“A person who is 35 looking back over 20 years of mucking around and saying, ‘What can we do with this? Is there a point to all this?’ I think that’s what the movie is,” says Humphrey in a recent interview with Insider Louisville. For the record, that quote was about his decision to make the movie.
But the main charter is based on Humphrey, a local filmmaker, who has been creating a weekly public access show for almost 20 years and has written and directed two previous feature-length films.
On Sunday, Oct. 9, his latest and most ambitious project premieres at Village 8 Theatres, where it’s showing for one night only.
Humphrey got his start in filmmaking early.
“Mom had one of those huge VHS cameras with the brick (battery) you could kill someone with. It all started there,” says Humphrey, who talks lovingly about “daisy-chaining together VCRs” to create a makeshift editing bay for his early efforts.
By the time he was 19, he started “I Eat Poop,” a public access show that still airs, though it’s mostly in reruns right now. Much of the content also is available at the “I Eat Poop” YouTube channel.
“I was right out of high school, I just started college. Most of the other cats I recorded with were in high school at the time, and most of the stuff I was recording was just my goofball friends just goofing around,” says Humphrey.
As the years rolled by, what started as skits and sketches became slightly more serious
“You get tired of doing the same thing, and then your friends get older, and it’s sad to see your 30-year-old friends just goofing around. You have to do something with it,” he says.
He started work on his first feature, and it took him three-and-half years to finish. “Gunther Toody’s Happy Time Fun Show” was a collection of puppet stories tied together with a narrative frame. “Billy in Action,” Humphrey’s second film, only took two-and-a-half years and followed in the puppet footsteps of “Gunther Toody.”
The inspiration to take a more serious look at making a feature-length film came from events in Humphrey’s life.
“I was getting married, and I felt like I wasn’t prepared for that,” he says. “Not like I don’t love this person, but, like, ‘Was this 20 years of mucking around a waste?’”
He began to refine the script for “The Day I Met Her,” the story of a man in a time loop who goes back over his past and his relationship with a woman after being dumped.
Humphrey had started the script years earlier, calling it an “FU script” that began after he himself was dumped. He’d come back to it occasionally and add a little. But when he decided to get serious about making the film, he returned to the script and turned the 50 pages he had into a full story. It’s a much bigger film than Humphrey has ever made.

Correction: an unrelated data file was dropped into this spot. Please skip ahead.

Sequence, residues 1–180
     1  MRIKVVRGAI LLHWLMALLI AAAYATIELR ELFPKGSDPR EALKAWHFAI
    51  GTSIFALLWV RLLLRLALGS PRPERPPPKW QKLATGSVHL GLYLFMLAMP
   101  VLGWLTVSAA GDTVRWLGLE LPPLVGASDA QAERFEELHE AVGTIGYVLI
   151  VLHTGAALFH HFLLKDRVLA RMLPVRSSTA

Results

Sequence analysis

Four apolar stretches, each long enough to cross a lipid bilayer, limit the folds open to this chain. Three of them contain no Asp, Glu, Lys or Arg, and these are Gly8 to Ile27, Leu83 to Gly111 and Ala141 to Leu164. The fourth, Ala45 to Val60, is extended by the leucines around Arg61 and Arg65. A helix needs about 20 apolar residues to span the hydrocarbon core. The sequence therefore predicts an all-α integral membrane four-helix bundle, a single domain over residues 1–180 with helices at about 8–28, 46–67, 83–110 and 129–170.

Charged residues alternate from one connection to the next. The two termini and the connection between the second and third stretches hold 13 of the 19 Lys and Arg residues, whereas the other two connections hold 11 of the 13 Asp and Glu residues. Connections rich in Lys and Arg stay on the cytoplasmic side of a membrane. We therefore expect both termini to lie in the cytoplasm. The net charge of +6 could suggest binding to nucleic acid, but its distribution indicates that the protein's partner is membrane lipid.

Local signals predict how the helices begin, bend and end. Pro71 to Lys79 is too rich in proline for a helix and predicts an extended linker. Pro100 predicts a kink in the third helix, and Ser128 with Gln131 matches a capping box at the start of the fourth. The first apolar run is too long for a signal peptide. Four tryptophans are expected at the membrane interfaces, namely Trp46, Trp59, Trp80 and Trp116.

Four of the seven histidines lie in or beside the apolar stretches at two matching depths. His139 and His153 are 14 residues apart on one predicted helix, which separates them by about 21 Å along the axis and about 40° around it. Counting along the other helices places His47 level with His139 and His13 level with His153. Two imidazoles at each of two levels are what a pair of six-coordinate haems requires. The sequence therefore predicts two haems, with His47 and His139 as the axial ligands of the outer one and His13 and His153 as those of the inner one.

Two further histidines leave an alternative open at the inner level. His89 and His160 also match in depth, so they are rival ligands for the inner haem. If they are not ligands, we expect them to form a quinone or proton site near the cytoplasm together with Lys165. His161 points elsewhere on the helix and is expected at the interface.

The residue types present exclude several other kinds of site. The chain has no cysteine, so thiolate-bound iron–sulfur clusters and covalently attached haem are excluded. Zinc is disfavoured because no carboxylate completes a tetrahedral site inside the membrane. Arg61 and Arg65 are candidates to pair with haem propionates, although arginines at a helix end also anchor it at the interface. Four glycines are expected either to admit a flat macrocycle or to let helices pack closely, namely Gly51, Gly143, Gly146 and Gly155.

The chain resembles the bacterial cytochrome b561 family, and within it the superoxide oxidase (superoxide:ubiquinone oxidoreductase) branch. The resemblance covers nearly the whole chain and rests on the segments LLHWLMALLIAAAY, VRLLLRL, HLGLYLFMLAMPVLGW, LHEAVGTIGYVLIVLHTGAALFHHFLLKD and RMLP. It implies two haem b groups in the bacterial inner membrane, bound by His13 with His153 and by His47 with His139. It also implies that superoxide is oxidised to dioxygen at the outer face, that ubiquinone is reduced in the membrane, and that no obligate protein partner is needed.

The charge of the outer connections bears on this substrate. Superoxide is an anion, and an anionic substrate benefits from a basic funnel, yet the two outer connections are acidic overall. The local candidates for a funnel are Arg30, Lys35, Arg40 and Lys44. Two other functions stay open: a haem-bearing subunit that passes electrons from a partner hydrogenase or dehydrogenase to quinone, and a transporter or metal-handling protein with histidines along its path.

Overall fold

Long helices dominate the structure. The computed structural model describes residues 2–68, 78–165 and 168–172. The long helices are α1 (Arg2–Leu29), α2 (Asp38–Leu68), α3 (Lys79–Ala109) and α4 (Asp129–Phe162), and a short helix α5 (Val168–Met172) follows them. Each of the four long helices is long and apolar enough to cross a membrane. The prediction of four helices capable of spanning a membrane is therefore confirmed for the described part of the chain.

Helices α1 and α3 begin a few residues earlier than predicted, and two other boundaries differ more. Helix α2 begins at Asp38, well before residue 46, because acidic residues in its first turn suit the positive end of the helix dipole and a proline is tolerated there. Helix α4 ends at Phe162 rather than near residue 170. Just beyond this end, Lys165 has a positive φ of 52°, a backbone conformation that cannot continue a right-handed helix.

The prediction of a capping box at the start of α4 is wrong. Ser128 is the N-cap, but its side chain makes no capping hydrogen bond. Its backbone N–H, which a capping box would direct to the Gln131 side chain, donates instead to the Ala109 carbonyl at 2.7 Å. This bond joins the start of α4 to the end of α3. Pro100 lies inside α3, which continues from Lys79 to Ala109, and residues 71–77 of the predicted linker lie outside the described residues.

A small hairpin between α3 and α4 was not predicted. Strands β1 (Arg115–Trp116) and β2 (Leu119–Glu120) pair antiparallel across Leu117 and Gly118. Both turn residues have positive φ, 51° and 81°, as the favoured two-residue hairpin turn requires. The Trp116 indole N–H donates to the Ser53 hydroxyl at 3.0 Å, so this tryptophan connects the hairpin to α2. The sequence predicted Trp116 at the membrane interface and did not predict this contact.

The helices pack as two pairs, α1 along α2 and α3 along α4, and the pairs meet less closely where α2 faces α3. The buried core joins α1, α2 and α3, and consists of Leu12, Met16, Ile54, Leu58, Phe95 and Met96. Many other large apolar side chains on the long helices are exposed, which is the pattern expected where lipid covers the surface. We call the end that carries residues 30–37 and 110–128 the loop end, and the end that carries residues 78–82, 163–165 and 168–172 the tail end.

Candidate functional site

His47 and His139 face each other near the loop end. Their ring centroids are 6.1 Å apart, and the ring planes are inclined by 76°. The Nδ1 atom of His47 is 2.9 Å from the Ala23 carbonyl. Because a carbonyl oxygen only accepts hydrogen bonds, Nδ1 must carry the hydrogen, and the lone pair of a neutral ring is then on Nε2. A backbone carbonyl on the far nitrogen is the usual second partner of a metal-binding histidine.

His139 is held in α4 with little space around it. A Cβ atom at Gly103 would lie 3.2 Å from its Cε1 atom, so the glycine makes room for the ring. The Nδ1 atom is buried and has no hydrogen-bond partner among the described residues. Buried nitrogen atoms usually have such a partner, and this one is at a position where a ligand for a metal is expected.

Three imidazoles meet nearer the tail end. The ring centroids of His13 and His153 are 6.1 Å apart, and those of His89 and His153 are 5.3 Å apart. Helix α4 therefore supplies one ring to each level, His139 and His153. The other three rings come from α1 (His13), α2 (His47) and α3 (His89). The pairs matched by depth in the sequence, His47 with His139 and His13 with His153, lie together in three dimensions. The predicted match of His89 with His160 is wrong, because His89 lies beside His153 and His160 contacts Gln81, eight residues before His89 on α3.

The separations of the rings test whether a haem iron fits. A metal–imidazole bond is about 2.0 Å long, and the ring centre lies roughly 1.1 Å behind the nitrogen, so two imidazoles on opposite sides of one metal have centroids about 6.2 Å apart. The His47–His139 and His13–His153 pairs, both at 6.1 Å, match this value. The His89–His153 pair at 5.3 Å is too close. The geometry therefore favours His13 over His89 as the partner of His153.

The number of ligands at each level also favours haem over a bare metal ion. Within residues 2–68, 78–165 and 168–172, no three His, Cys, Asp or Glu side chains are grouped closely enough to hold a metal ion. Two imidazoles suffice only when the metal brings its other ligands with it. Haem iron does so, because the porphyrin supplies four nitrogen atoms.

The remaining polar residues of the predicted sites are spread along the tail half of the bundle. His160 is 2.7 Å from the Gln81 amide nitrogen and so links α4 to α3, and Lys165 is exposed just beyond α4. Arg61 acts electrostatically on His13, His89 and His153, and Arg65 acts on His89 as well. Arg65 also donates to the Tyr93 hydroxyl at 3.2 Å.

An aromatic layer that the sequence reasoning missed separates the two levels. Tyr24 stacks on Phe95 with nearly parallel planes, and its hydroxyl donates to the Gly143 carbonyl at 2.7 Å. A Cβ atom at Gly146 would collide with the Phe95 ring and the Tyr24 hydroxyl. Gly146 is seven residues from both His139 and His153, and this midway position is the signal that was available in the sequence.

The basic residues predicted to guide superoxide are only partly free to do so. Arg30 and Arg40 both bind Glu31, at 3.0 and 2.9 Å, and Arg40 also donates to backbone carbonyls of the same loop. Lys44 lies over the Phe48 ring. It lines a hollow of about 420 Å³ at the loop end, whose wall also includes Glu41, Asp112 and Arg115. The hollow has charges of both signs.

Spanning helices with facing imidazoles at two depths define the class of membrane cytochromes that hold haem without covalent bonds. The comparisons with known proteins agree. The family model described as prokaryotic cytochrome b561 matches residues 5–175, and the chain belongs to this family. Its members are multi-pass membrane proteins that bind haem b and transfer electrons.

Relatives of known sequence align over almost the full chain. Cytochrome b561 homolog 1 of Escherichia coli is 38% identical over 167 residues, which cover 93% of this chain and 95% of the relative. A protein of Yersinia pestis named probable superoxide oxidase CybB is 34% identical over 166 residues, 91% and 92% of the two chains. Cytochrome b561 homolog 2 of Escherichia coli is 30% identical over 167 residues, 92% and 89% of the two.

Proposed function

“There are four main characters, but a massive secondary cast — bigger than I have ever had. Also, usually in my films it’s a ‘(Monty) Python’ feel, where everybody plays four characters, but in this one, everyone is one character,” explains Humphrey.
In total, the cast is more than 100 people, though the crew was substantially smaller, essentially Humphrey and one other person. The film was made on a shoestring budget, mostly filmed through love and sweat. Humphrey ran the camera 90 percent of the time, and he cast his friends. He lit it himself, and actors often took turns holding the boom mic to catch dialogue.
As he filmed and worked on his passion project, Humphrey realized that although the action centers around a man reflecting on losing a lover, in the end, the story is about the man, not the woman. “(It’s) him eventually finding it’s not so much about her, it’s about him,” he says.
Humphrey didn’t say if it answered any questions he had about whether or not he wasted his 20s. But he did indicate that the process of taking his latest film seriously, not just “mucking about,” has made him very nervous to share the finished product.
“That’s what makes me the most nervous about it, is I took it seriously. So if it fails, I can’t just write it off as ‘Well, that was just some lark. Just a farce.'”
That statement could certainly pertain to many of our lives, as we wade through our 30s and realize, like Humphrey, it’s time to take things seriously.
“The Day I Met Her” premieres Sunday, Oct. 9, at Village 8, 4014 Dutchmans Lane. The film starts at 7 p.m., and tickets are $4 at the door. The film is not rated but contains strong language.